I know it’s a tall order to ask for these things to be understood – especially when the news media obsesses about such minutiae as whether the latest James Bond film (the fable of an emotionally-crippled man who travels around the world murdering people for the geopolitical advantage of his country – a character originally conceived of as high satire but now admired as a role model) has earned more money than some other film, or whether a television commercial for a shop is ‘genius’ or not. But we have to try. We have to wriggle free somehow. My kids know it’s all false, other kids I speak to know it’s all false, even some adults are starting to realise it’s all false. And therein lies some hope.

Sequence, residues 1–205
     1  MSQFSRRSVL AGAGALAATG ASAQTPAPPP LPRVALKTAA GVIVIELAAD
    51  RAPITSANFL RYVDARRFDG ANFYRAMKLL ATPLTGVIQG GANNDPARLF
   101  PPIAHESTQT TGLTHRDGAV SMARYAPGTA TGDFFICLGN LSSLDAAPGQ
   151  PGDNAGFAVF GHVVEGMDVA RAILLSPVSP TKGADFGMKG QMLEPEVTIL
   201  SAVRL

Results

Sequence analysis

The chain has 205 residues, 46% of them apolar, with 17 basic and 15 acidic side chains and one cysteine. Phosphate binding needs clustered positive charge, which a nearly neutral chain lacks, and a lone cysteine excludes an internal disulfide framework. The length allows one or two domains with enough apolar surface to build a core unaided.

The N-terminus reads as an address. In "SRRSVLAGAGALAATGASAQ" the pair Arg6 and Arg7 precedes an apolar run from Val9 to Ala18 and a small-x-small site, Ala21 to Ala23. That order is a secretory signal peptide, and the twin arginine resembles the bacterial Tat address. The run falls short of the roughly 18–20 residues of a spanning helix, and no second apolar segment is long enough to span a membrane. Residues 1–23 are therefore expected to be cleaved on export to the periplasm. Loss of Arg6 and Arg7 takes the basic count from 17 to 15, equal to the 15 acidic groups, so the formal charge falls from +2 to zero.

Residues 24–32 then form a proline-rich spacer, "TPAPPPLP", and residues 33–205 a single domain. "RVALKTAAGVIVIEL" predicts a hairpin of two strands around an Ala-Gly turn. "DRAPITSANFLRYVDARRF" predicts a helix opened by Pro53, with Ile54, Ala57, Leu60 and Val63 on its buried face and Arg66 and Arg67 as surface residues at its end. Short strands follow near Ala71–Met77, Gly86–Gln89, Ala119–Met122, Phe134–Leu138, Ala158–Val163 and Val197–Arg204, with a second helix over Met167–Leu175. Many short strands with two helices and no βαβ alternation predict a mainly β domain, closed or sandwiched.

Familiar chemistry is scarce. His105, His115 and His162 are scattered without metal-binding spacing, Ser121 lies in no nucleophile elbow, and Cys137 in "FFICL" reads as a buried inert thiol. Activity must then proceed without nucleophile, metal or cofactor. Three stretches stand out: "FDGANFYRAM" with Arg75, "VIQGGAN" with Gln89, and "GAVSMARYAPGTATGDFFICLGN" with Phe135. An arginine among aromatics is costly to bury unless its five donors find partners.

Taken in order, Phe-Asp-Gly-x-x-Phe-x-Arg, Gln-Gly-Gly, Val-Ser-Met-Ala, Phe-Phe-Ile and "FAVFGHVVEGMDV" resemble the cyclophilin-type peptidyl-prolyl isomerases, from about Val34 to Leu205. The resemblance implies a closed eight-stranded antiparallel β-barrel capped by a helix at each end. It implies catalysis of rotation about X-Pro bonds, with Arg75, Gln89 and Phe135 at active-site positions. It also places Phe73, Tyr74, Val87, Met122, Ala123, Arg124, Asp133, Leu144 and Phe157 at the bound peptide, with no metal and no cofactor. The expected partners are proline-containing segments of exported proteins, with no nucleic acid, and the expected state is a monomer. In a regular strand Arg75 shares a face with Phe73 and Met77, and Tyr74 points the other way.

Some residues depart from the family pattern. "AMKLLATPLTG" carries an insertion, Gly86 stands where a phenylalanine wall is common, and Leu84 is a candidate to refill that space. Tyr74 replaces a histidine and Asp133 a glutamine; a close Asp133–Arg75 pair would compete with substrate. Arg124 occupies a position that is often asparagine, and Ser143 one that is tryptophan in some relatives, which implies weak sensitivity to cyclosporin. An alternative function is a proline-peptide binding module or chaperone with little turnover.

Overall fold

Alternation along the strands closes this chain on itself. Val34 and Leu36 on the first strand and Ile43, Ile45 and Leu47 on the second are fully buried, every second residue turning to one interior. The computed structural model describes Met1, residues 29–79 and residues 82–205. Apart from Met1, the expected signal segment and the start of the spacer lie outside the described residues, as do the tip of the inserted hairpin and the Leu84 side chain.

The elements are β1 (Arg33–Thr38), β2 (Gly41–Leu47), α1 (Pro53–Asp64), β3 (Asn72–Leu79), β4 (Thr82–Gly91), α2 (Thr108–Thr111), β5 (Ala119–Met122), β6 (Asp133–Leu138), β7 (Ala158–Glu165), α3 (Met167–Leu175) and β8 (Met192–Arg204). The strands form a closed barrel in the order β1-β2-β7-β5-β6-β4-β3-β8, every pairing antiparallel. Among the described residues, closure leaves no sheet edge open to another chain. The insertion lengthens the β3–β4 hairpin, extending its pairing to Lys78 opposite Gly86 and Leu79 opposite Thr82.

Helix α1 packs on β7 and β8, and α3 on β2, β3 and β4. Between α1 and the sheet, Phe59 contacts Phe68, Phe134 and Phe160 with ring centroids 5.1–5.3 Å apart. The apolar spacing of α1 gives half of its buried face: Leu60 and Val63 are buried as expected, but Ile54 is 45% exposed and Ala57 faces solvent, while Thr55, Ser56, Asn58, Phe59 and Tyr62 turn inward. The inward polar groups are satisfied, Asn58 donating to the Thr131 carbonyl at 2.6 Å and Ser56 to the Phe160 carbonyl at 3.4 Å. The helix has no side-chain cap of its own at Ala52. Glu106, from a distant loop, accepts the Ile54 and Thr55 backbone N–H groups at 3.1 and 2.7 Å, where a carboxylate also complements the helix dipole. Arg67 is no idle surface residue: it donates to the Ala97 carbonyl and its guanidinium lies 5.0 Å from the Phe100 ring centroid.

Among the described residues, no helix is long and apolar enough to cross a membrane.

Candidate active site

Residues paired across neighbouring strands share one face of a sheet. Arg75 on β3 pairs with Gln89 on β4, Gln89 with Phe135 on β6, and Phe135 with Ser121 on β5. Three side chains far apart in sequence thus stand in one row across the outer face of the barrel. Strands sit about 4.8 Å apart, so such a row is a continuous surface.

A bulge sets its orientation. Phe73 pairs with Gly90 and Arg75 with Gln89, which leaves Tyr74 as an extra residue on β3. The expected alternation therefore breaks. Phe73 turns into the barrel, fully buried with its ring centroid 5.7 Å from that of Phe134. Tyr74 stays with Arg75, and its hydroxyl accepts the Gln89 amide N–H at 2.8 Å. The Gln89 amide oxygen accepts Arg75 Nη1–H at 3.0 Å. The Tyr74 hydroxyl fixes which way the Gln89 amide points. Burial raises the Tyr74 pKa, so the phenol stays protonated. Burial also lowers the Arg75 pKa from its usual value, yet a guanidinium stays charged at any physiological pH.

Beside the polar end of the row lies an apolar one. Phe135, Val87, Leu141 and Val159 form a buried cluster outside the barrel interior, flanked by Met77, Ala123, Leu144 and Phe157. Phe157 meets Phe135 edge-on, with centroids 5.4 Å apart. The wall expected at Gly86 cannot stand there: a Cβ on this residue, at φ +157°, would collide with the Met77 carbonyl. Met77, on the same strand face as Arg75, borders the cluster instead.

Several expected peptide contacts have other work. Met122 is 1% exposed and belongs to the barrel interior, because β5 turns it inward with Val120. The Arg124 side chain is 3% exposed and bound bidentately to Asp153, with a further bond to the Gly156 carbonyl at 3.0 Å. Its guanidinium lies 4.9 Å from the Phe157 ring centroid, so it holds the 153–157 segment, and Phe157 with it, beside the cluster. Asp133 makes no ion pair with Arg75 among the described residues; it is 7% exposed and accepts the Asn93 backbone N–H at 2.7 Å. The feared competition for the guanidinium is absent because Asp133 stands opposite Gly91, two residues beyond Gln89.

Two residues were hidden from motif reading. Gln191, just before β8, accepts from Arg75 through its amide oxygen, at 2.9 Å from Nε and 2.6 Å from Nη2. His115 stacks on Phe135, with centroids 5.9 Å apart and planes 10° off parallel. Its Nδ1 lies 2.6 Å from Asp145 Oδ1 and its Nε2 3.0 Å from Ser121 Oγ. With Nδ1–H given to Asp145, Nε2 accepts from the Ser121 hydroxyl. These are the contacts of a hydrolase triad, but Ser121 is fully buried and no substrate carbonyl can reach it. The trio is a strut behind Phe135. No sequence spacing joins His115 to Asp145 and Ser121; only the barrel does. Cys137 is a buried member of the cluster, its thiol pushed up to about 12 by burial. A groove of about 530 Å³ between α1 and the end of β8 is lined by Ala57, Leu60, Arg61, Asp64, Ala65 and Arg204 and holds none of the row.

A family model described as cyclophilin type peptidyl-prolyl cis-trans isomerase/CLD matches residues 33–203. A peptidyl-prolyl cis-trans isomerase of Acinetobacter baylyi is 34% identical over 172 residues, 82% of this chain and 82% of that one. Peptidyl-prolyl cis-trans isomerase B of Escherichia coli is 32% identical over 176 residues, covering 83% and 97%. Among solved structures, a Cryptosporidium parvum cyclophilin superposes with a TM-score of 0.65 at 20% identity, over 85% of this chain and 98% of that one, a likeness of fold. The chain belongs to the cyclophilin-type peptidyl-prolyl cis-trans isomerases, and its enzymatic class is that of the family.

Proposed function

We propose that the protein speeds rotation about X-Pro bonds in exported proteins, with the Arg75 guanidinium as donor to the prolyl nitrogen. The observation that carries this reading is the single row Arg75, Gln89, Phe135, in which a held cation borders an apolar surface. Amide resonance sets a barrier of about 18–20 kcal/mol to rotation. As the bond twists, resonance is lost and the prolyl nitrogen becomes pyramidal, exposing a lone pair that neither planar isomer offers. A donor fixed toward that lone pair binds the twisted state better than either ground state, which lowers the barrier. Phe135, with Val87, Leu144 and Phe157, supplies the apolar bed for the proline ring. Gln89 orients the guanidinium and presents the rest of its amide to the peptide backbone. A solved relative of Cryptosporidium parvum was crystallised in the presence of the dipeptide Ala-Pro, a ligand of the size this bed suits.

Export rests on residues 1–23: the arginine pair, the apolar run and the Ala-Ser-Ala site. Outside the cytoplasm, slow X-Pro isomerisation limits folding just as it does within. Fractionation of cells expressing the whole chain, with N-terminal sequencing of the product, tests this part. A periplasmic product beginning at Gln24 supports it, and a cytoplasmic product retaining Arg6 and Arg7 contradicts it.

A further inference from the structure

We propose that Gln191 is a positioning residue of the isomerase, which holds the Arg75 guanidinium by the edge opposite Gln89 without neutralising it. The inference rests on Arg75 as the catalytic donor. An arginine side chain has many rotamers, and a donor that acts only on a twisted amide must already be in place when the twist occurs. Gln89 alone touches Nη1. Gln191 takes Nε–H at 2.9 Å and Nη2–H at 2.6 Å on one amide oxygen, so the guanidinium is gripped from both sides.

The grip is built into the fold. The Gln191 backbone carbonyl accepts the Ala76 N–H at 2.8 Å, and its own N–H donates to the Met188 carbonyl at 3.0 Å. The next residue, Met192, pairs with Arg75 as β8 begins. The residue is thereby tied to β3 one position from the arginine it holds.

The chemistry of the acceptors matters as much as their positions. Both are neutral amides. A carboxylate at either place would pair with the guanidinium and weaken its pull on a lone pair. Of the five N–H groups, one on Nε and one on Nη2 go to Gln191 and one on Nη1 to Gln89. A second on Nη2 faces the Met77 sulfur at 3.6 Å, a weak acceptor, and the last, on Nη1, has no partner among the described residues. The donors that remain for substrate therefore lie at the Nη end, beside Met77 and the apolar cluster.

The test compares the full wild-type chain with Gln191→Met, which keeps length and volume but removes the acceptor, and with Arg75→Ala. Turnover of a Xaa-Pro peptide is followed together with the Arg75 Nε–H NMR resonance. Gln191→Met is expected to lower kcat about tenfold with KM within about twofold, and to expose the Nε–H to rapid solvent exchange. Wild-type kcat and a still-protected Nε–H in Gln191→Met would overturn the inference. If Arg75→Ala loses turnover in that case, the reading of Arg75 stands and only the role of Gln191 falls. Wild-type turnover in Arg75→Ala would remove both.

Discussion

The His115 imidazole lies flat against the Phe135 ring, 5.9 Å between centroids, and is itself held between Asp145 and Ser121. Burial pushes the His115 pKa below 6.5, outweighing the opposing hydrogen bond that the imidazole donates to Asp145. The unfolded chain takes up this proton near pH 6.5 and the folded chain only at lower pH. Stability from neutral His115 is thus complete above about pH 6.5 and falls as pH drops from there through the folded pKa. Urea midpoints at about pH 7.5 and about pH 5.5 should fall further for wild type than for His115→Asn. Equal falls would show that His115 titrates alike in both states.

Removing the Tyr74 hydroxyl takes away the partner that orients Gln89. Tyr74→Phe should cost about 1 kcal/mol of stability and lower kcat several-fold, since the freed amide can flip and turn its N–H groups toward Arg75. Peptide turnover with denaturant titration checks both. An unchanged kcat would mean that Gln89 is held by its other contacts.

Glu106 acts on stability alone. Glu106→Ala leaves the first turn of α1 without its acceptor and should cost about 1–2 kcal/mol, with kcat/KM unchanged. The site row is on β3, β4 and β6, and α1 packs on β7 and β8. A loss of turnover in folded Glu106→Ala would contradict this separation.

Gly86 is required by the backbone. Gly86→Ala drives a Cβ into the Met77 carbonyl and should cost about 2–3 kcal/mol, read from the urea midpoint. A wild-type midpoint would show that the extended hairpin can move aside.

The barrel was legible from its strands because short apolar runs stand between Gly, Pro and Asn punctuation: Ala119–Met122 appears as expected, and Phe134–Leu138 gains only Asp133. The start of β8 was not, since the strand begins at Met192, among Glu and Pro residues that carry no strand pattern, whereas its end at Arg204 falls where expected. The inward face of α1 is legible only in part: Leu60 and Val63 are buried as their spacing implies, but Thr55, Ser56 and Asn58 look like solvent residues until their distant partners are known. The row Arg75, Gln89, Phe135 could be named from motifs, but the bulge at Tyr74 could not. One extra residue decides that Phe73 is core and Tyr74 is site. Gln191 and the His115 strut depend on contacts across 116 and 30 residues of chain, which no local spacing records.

20 comments:

  1. You have summarised why I tend not to watch the rolling news channels, and the main TV news programs are just as irritating so I don't watch those either.
    It is perhaps why I decided not to join in with the social media memes of sympathy for the victims of the atrocities that have been taking place in various countries, because of the way this is cynically used to justify militarist aggression and attacks on civil liberties.
    Perhaps next year the government should donate the cost of Trident replacement to Children in Need and millionaire celebrities should campaign on a telethon for the cost of a new set of submarines and missiles.

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    1. I only ever really watch them if there's some kind of unfolding event. Even then I can only stomach an hour or two.

      Yes - a benefit gig for trident - the most pointless nuclear weapons system in the world - would be great. I wonder if people would 'dig deep'!